Political blaze smolders with mountain fire service changes

It was a Tuesday morning set aside for proclamations and political praise, handshakes and hearty pats on the back at the Clark County Commission.

The recipients of all the official affection represented the more than 1,400 firefighters and other responders to July’s Carpenter 1 Fire, which burned nearly 28,000 acres in the Spring Mountains and threatened dozens of homes in Kyle Canyon.

The fire is out. Residents are back in their homes, and the usual throngs of visitors are starting to return to the mountains.

On Tuesday, the only clear and present danger was the possibility of being buried under all those proclamations in a ceremony led by County Commissioner Larry Brown, whose district includes Kyle Canyon.

But a political blaze is smoldering on the mountain as the Nevada Division of Forestry moves forward with its plan to cut its responsibilities in the Mount Charleston area. NDF Station 1 is slated to drastically reduce its service in the community after June 30, 2015, transferring the full duty of handling structure fires and emergency calls for vehicle accidents to the Clark County Fire Department.

Although some have attempted to portray this as a cost-saving measure on the state’s part, it isn’t that. The county already picks up the tab for its end of Station 1’s callouts. That station is staffed by highly qualified first responders, many of whom have vast experience with mountain rescue and wild-land firefighting as well as paramedic skills.

The change is part of a redefining of the NDF’s mission from a multiservice outfit into a state agency that primarily focuses on fighting wild-land fire. As NDF spokeswoman JoAnn Kittrell put it earlier this year, “It’s not so much a budget cut as a realignment or a restructuring. It’s moving a lot of NDF divisions away from all-risk services and toward wildfire.”

Retooling the station and redefining its mission sound like streamlining, but only for the NDF. The change substantially complicates the role the Clark County Fire Department will eventually be compelled to play on the mountain. At present, the department relies in large part on members of the Mount Charleston Volunteer Fire Department, a group of trained area residents who donate their time. (Readers of this column know I am a Kyle Canyon resident who in recent years volunteered with the department.)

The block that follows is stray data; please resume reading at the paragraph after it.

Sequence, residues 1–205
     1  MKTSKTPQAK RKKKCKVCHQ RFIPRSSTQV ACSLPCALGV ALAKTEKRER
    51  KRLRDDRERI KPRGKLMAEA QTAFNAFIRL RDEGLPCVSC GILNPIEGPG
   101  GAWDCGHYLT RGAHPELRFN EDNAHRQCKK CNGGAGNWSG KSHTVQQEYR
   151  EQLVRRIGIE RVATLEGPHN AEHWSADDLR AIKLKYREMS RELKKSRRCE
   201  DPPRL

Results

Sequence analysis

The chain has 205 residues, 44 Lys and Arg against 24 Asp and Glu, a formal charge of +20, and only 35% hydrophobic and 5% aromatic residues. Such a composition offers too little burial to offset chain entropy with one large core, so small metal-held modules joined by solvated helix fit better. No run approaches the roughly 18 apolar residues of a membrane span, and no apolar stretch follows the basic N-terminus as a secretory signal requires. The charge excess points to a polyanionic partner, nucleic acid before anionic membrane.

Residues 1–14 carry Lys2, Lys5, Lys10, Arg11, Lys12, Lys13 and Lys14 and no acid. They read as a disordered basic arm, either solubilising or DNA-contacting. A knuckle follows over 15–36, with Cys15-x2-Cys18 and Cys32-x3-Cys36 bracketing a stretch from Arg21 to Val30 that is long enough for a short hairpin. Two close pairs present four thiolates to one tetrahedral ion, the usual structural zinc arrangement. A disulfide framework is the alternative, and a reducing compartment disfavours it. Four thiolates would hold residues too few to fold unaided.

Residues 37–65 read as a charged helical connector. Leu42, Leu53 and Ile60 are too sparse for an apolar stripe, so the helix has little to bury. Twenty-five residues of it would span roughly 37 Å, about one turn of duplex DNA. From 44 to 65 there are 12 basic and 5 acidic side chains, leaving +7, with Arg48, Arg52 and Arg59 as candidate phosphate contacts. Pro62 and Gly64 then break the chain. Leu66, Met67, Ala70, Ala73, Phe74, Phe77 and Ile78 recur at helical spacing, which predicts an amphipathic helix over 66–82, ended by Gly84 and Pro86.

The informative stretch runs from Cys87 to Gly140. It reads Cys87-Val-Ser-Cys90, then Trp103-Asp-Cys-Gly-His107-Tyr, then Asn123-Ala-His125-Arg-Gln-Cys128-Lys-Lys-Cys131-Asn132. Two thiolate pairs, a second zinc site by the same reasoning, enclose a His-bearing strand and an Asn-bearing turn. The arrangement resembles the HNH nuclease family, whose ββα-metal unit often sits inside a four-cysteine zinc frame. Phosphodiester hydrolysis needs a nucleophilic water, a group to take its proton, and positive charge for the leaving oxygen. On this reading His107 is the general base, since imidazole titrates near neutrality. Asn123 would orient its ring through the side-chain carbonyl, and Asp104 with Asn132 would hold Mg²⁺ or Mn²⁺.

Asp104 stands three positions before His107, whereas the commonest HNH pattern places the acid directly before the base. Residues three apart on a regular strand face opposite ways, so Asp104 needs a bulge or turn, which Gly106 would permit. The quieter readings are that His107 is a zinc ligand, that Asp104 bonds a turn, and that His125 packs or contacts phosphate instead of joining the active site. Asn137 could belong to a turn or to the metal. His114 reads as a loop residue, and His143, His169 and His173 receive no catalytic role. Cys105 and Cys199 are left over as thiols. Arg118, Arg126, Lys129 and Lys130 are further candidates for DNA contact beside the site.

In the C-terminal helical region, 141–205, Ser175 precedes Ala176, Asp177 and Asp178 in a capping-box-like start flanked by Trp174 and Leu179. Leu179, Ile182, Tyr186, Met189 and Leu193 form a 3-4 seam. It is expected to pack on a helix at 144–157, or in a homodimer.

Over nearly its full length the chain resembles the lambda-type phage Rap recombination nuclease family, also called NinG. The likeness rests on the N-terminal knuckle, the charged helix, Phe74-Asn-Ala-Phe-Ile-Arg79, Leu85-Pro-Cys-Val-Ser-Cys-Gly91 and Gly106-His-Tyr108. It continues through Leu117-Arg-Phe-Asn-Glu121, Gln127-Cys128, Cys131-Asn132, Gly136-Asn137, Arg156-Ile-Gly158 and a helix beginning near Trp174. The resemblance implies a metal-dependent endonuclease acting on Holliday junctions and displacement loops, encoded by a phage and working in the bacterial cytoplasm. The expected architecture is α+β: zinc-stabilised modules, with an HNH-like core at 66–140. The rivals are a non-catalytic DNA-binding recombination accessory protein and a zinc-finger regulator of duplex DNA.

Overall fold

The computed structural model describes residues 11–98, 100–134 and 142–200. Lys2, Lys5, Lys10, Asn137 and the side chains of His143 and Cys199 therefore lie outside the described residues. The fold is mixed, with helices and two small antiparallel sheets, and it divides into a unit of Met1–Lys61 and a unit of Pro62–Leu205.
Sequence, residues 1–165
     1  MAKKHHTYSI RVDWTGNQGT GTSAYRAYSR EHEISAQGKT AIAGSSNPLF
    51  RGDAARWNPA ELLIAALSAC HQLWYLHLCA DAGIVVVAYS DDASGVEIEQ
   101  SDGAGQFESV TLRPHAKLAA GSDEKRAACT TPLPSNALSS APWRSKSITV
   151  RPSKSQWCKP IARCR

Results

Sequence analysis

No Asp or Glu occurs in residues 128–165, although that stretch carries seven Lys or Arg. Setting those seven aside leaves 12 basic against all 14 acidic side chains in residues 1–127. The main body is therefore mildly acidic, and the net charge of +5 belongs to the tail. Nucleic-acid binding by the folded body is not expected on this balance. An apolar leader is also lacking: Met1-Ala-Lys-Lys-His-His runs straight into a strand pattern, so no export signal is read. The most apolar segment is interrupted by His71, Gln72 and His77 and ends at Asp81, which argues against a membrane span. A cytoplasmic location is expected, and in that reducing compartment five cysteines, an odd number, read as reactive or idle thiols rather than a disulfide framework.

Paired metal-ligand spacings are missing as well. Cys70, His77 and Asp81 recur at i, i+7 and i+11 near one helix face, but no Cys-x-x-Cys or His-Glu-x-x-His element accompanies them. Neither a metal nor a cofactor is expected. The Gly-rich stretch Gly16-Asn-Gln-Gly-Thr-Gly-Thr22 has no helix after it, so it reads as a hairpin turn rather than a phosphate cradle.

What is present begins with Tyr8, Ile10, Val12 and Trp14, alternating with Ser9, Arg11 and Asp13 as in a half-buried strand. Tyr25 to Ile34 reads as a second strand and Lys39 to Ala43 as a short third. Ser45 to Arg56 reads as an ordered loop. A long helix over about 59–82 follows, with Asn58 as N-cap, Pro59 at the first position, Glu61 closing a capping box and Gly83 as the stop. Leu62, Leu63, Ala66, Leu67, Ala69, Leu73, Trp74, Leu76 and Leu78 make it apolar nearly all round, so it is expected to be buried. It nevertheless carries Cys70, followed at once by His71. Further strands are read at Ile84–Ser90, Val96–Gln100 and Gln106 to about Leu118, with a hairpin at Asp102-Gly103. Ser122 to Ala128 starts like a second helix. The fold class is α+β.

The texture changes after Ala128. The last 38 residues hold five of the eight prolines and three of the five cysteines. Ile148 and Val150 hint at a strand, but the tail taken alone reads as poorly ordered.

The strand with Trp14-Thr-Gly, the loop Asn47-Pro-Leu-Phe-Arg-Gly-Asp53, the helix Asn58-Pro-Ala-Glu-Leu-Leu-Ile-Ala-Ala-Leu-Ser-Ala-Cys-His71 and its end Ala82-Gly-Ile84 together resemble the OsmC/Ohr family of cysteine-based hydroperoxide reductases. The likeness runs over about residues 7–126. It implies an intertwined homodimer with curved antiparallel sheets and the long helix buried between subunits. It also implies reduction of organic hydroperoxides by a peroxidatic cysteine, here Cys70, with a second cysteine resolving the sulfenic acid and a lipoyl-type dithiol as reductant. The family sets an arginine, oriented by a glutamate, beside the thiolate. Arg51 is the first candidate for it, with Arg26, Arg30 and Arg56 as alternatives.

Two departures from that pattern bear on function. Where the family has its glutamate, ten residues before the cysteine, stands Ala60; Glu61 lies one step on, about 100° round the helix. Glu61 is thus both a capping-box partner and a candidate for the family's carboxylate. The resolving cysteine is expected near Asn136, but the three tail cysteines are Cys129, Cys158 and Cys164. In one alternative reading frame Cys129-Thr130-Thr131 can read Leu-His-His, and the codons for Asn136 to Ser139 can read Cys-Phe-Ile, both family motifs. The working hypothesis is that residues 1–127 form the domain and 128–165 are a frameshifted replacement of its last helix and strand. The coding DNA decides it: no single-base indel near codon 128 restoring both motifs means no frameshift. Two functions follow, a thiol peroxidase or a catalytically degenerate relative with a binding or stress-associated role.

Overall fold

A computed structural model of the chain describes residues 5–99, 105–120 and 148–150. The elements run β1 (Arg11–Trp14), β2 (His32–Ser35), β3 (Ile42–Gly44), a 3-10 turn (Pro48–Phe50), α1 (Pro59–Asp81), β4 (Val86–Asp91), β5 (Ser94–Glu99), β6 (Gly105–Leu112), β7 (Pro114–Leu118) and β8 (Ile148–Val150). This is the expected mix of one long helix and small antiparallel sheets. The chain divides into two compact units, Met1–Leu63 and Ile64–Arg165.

The cost to Clark County in the form of a new fire station and paid personnel promises to be substantial. But state officials who have decided to go this route also figure to pay a hefty political price once it’s clear the cost to Clark County taxpayers will be measured in millions.

Although other counties have made the transition away from NDF all-risk service, Kyle Canyon is undeniably different. It’s not just a small town, or a few neighborhoods. The area has just a few hundred residents, but it attracts more than 2 million visitors each year. That’s approximately the population of the state of New Mexico.

It’s not as simple as closing Mayberry’s fire department.

“The priority for us is, we’d like to help them maintain the services they already have,” Clark County Fire Chief Bertral Washington said after Tuesday morning’s commission ceremony. “It’s a really good working relationship that exists up there now. However, once the state leaves, it won’t be the same. So we’re trying to find a way that we can have a plan ready to go.”

That plan is already being framed, he said, but he admits the issue is complex.

“We don’t control all aspects of this, but we will put together the absolute best options that we can within the resources that are available to us,” Washington said.

The chief and Commissioner Brown know it’s not a small-town political problem — not in an area that draws 2 million visitors a year.

The approaching changes in fire responsibility in Kyle Canyon hold the potential to reverberate from the Spring Mountains all the way to the sunny streets of Carson City.

John L. Smith’s column appears Sunday, Tuesday, Wednesday and Friday. Email him at Smith@reviewjournal.com or call 702-383-0295. Follow him on Twitter @jlnevadasmith.